Many are called
A while back I had the honor to be on jury duty for a week. Well maybe honor isn’t the correct word. Perhaps I should say it was a distinction. No, it was more of an experience. I guess that’s not quite right either. I have it. It was more like a great big pain in my backside.
What I will say is, it has given me a new respect for my ancestors who lived in kingdoms. Sure, it was unfair, corrupt, and subject to the whims of one man, but think about it. The system was efficient, didn’t bother people’s work schedules, and if you paid a few extra goats for a favor, who cares. Goats can breed themselves. Admittedly, there was that whole torture chamber thing, but there’s downsides to everything. I’m not saying it was perfect, but once you’ve sat for six hours in a small room with nothing to do, the mind wanders.
Many more don’t know why they are called
I know this blog is read all over the globe and a few planets outside the solar system. So perhaps I should explain the American jury system. The Idea is that we are not judged by a judge. That’s kind of funny considering their title. One would think it would be a judge’s job to judge, like it’s a baker’s job to bake, but no. The judge’s job is to oversee protocol. That means they make sure everything is done right. Mr. Ohh! would call that an overseer. Then again, what do I know about the legal system? I don’t even have any traffic tickets. Does this make me a good citizen? Not really. It makes me a fast talker when someone catches me. My criminal record, however, is not the point.
The juror’s job is to juro. Actually, the correct word is, adjudicate. Which is an extra-long way to say, juro. A bunch of jurors are called a jury. It’s one of those funky plurals you find in the English language, like a bunch of mouses are called mice. There’s a song about this by the late, great, Allan Sherman called, One Hippopotami. You should listen to it if you get the chance. It won’t explain anything but it’s funny.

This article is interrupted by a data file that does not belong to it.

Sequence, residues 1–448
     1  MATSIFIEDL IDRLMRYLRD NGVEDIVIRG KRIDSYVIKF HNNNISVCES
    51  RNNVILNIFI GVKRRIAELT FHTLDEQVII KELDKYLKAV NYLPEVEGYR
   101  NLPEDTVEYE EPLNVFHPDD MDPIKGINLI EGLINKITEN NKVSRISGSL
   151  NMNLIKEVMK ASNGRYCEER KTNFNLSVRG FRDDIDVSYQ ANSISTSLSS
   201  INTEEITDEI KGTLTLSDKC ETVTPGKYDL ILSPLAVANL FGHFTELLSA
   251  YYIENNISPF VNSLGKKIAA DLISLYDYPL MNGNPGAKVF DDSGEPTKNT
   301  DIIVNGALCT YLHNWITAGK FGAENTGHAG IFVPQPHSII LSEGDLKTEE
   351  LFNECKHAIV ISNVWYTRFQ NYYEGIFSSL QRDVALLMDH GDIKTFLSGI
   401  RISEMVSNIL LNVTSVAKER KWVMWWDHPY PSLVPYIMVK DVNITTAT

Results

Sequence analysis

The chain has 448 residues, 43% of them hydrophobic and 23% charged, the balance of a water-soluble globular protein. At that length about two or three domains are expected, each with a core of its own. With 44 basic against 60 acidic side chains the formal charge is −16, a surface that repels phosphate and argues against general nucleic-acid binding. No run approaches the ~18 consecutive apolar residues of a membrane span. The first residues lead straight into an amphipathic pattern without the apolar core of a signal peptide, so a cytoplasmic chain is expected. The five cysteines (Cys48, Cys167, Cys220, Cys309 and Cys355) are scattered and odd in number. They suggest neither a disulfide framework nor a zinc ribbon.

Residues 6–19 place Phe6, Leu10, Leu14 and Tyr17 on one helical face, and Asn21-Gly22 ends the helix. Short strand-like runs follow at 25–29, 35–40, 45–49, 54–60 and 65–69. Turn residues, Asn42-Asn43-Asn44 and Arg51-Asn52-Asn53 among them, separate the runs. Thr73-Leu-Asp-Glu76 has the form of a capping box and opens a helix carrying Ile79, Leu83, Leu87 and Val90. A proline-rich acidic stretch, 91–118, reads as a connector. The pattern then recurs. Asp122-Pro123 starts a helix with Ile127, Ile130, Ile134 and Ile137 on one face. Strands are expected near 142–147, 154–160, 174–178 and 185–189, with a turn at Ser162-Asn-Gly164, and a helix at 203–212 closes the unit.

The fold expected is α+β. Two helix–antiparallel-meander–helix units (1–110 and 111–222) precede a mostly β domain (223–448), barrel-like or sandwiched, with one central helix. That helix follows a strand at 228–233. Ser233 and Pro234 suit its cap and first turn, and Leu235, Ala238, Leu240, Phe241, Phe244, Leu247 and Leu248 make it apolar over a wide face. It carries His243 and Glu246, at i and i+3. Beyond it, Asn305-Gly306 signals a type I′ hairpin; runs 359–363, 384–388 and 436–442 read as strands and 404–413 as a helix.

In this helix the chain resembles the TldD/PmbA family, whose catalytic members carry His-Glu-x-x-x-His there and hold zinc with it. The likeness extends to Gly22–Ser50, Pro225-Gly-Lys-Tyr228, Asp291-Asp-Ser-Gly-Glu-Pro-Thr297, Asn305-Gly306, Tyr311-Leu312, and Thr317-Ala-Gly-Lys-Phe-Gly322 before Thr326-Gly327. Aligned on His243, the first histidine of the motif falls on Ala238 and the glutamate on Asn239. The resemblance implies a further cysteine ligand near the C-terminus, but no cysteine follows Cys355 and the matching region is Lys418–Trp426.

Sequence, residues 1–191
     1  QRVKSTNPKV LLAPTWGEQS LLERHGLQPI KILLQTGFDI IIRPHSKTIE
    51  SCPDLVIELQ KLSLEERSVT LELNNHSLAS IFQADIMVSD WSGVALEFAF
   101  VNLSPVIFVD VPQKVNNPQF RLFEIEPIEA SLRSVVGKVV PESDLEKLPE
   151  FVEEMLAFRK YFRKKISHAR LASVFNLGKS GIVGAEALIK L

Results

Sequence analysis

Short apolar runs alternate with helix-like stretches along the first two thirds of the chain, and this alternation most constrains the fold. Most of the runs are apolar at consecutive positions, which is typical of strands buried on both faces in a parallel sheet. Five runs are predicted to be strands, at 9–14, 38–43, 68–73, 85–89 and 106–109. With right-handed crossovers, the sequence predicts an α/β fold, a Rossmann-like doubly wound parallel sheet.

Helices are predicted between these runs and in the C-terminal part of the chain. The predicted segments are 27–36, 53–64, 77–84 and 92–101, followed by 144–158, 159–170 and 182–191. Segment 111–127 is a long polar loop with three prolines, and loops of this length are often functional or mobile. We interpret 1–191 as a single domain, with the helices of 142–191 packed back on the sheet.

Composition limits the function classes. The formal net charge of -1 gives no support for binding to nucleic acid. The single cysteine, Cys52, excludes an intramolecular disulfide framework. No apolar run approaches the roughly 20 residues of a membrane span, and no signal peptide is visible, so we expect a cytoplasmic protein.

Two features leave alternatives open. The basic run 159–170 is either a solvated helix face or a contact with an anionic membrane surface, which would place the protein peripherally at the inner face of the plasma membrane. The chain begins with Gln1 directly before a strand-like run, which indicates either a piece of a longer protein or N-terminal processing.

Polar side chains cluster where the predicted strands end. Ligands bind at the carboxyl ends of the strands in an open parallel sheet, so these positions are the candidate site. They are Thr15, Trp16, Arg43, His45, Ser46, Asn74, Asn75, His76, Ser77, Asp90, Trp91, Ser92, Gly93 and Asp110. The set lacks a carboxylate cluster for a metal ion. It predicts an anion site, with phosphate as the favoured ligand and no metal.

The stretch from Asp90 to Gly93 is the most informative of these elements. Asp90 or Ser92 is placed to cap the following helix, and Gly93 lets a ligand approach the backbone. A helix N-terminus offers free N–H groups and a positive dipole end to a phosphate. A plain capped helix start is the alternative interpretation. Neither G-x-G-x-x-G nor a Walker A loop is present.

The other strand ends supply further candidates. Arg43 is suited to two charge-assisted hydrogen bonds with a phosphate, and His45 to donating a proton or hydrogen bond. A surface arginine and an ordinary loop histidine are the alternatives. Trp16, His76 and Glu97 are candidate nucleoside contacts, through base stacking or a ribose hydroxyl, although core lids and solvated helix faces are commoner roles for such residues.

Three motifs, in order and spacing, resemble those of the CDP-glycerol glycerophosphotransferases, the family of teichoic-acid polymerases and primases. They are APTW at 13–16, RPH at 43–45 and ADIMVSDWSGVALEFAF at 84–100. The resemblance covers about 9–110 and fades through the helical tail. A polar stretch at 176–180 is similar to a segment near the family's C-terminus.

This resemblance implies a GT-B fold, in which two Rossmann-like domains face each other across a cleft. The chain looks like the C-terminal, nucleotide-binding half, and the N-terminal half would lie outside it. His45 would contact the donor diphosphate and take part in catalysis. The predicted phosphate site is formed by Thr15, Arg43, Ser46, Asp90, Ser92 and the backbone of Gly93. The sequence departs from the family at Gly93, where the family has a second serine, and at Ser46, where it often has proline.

The idea of a jury is; Instead of being judged by one person, you are judged by a bunch of your peers. I actually never understood this. I asked this question in my high school government class. “If you’ve been convicted of a crime. I understand you can no longer serve on a jury.” He agreed with a smile. “Therefore, if you a thief, and you want a jury of your peers, where are they going to find twelve thieves to hear the case?” Mr. Ames just sighed, left the room and promptly resigned. Well, it made sense to me. My wife later explained it to me. In court everyone is innocent. Innocent people can be on a jury. I must admit I was relieved. I was afraid I was going to have to go out and rob a bank if I got on a bank robbery case.
Still more try to get out of being called
Where I live thirty days before you are needed as a juror, you are sent a letter. This gives you a chance to find a reason to get out of it, catch a debilitating disease, or seek citizenship in another country. If you choose not to do any of these things, you go downtown to a large room with a couple hundred other folks and have jury duty. They tell you to bring a book, or electronic device because you will be waiting for a long time. What they don’t tell you is that it doesn’t matter what you bring because you’ll never be comfortable enough to take advantage of it. The chairs that are provided are designed to be comfortable for about three seconds. You end up reading a sentence, fidgeting for ten minutes reading the sentence over again, getting up and walking around then sitting down to read the sentence a third time. You may not accomplish the book but you do get your exercise. I just sat on the floor against the wall and slept, eliminating the whole process.